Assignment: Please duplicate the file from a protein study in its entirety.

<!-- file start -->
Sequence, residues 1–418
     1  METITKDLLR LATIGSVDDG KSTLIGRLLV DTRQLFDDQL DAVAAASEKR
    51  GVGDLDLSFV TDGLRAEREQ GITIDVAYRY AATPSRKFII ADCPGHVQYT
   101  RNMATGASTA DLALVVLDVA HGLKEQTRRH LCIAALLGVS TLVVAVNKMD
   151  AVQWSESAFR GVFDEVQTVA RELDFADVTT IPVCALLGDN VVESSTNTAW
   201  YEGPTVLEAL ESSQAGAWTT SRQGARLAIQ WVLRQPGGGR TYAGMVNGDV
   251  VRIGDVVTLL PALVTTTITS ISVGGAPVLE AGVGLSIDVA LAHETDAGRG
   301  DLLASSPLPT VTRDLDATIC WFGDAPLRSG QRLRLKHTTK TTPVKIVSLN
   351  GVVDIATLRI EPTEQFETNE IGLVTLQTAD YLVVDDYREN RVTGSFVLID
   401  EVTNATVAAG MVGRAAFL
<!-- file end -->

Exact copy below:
Sequence, residues 1–418
     1  METITKDLLR LATIGSVDDG KSTLIGRLLV DTRQLFDDQL DAVAAASEKR
    51  GVGDLDLSFV TDGLRAEREQ GITIDVAYRY AATPSRKFII ADCPGHVQYT
   101  RNMATGASTA DLALVVLDVA HGLKEQTRRH LCIAALLGVS TLVVAVNKMD
   151  AVQWSESAFR GVFDEVQTVA RELDFADVTT IPVCALLGDN VVESSTNTAW
   201  YEGPTVLEAL ESSQAGAWTT SRQGARLAIQ WVLRQPGGGR TYAGMVNGDV
   251  VRIGDVVTLL PALVTTTITS ISVGGAPVLE AGVGLSIDVA LAHETDAGRG
   301  DLLASSPLPT VTRDLDATIC WFGDAPLRSG QRLRLKHTTK TTPVKIVSLN
   351  GVVDIATLRI EPTEQFETNE IGLVTLQTAD YLVVDDYREN RVTGSFVLID
   401  EVTNATVAAG MVGRAAFL